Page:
Mark; Interesting article, but I would take issue with many of his points, as did many of the 58 people that responded to the blog. He got a headache and bellyache from listening to a guitar in a concert hall? I think that borders on hysterics. To say that Segovia would not approve belies the fact that Segovia constantly longed for a louder guitar, hence the development of the Ramirez 1A. So loud, I got complaints from my neighbors when I had one, but to difficult to play for someone without Segovia's monstrous hands. Best to have an older Hauser? Yes, but they are in short supply. Stenzel laments that demand for guitars like his are not like the demand for double tops, but seriously, most of the top guitarists in the world today play double top guitars from Gernot Wagner, Matthias Dahmann, Antonius Muller, Garrett Lee and Greg Smallman, which really isn't a double top, but has similar performance. These makers command prices up $40,000 with a 10 year waiting list due to high demand, because players want those guitars, even if Stenzel believes they should not want them! Stenzel claims that double tops don't have sustain? Mine does, and most of the ones I have heard do. I will admit that the tone is less âwarm' than my 54 year old Manuel Velazquez, a Hauser copy, but my new guitar, made by an up and coming master craftsman, Jeremy Cooper, using spruce, not cedar, had only a 1.5 year wait and a price just a fraction of a Smallman, and it is a very lively, responsive instrument that I am thrilled with.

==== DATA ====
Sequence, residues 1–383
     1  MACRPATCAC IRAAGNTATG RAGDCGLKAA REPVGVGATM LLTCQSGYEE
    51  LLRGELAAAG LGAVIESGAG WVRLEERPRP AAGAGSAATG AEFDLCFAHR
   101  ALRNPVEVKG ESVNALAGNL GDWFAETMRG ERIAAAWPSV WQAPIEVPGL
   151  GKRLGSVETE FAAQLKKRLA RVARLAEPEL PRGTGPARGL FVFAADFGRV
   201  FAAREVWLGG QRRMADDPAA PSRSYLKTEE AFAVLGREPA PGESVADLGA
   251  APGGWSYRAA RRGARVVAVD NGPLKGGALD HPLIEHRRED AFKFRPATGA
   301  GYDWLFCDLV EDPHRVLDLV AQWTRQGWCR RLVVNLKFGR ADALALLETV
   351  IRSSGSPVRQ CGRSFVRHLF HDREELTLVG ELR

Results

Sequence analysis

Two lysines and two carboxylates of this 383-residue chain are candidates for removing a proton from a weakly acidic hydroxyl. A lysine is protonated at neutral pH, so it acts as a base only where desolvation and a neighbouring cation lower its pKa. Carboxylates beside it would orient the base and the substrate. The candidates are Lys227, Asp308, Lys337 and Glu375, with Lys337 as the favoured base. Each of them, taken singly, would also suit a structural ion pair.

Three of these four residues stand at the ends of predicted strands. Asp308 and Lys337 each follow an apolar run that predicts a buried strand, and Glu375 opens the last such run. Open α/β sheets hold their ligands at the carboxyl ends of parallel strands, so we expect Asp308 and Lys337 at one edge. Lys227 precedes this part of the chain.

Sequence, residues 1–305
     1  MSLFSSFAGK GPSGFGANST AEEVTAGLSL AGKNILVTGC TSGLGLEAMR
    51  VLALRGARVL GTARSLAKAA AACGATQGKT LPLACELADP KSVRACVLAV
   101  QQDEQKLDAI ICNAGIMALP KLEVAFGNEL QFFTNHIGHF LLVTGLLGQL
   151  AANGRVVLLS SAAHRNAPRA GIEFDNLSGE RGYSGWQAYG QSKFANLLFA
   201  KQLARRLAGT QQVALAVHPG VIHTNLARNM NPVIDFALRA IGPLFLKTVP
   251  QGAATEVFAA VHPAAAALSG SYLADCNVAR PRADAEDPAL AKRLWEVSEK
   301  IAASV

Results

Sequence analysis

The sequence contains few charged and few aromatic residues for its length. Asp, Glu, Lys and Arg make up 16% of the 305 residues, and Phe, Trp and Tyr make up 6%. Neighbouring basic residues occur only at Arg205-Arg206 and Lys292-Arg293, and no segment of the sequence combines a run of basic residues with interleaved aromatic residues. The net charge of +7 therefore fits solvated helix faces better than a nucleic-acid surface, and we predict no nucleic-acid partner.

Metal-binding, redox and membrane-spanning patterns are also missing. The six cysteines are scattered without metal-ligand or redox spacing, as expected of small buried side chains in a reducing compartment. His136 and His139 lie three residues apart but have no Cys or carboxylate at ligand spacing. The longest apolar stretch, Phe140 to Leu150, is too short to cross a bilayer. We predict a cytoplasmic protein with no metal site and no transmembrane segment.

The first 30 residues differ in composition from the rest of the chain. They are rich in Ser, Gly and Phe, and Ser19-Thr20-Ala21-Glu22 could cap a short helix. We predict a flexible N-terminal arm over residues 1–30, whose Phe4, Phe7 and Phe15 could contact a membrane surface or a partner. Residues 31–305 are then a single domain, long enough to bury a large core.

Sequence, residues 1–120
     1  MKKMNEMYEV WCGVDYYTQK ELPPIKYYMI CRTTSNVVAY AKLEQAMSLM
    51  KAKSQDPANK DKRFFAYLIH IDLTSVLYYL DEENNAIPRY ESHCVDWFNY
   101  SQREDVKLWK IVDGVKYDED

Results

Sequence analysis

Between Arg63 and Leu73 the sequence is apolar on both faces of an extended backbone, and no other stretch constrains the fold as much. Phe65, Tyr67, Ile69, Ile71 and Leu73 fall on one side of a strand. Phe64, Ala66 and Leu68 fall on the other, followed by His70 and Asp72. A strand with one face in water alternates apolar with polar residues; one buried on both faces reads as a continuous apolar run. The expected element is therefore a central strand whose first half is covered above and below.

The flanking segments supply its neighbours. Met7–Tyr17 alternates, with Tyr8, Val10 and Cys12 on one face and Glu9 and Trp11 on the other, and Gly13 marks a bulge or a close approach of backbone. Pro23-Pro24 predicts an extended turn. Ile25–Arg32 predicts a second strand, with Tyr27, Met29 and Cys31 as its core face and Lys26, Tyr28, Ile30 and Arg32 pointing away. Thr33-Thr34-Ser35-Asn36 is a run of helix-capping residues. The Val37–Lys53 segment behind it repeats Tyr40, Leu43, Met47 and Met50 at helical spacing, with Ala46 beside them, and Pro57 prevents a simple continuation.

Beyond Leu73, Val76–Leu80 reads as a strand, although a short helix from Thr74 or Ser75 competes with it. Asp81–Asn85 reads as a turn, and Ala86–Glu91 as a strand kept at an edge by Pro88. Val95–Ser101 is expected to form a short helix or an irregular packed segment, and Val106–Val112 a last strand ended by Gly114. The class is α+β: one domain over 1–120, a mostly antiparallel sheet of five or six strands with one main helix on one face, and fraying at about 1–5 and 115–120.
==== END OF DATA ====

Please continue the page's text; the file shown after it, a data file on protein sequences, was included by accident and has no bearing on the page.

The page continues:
A. John Mardinly, Ph.D., P.E. Classical Guitarist/Lutenist On Mar 24, 2020, at 6:04 PM, Mark Probert <probe...@gmail.com> wrote: John wrote: Question is, has this been tried on a lute? Are there any luthiers interested in trying? Interesting technology. As applied to a lute? Not so sure. I suspect someone will but most won't as there is not really any advantage and much disadvantage (the lamination process for starters, workin with nomex or similar, etc.). The problem this construction "fixes" is loudness. While there may be occassions when a lute is too soft, making up for it with an overly stiff soundboard would, I suspect, take away much of what makes a lute sound the way it does. Consider the following article for more https://urldefense.proofpoint.com/v2/url?u=https-3A__www.guitarsalo n.com_blog_-3Fp-3D1467&d=DwICAg&c=l45AxH-kUV29SRQusp9vYR0n1GycN4_2jInuK y6zbqQ&r=VLPJ8OE-c_C6joGeE1ftlvxMmQPq9N6mpKZONBRt90E&m=VO17TMFd5AE45xeT L5CpHHfeYKx4wE0Oyg1ymaOAVwg&s=Fqp32HQ4e5x4deCkMBtUOHeu7QHo5OJHmZGGzwvvN BM&e= Kind regards .. mark. To get on or off this list see list information at https://urldefense.proofpoint.com/v2/url?u=http-3A__www.cs.dartmouth .edu_-7Ewbc_lute-2Dadmin_index.html&d=DwICAg&c=l45AxH-kUV29SRQusp9vYR0n 1GycN4_2jInuKy6zbqQ&r=VLPJ8OE-c_C6joGeE1ftlvxMmQPq9N6mpKZONBRt90E&m=VO1 7TMFd5AE45xeTL5CpHHfeYKx4wE0Oyg1ymaOAVwg&s=w7_xDF9LDLHk93wBMFCtTGvsS7cf 6-zPr_I-yG8zSvE&e= References 1. mailto:probe...@gmail.com 2. https://urldefense.proofpoint.com/v2/url?u=https-3A__www.guitarsalon.com_blog_-3Fp-3D1467&d=DwICAg&c=l45AxH-kUV29SRQusp9vYR0n1GycN4_2jInuKy6zbqQ&r=VLPJ8OE-c_C6joGeE1ftlvxMmQPq9N6mpKZONBRt90E&m=VO17TMFd5AE45xeTL5CpHHfeYKx4wE0Oyg1ymaOAVwg&s=Fqp32HQ4e5x4deCkMBtUOHeu7QHo5OJHmZGGzwvvNBM&e= 3. https://urldefense.proofpoint.com/v2/url?u=http-3A__www.cs.dartmouth.edu_-7Ewbc_lute-2Dadmin_index.html&d=DwICAg&c=l45AxH-kUV29SRQusp9vYR0n1GycN4_2jInuKy6zbqQ&r=VLPJ8OE-c_C6joGeE1ftlvxMmQPq9N6mpKZONBRt90E&m=VO17TMFd5AE45xeTL5CpHHfeYKx4wE0Oyg1ymaOAVwg&s=w7_xDF9LDLHk93wBMFCtTGvsS7cf6-zPr_I-yG8zSvE&e=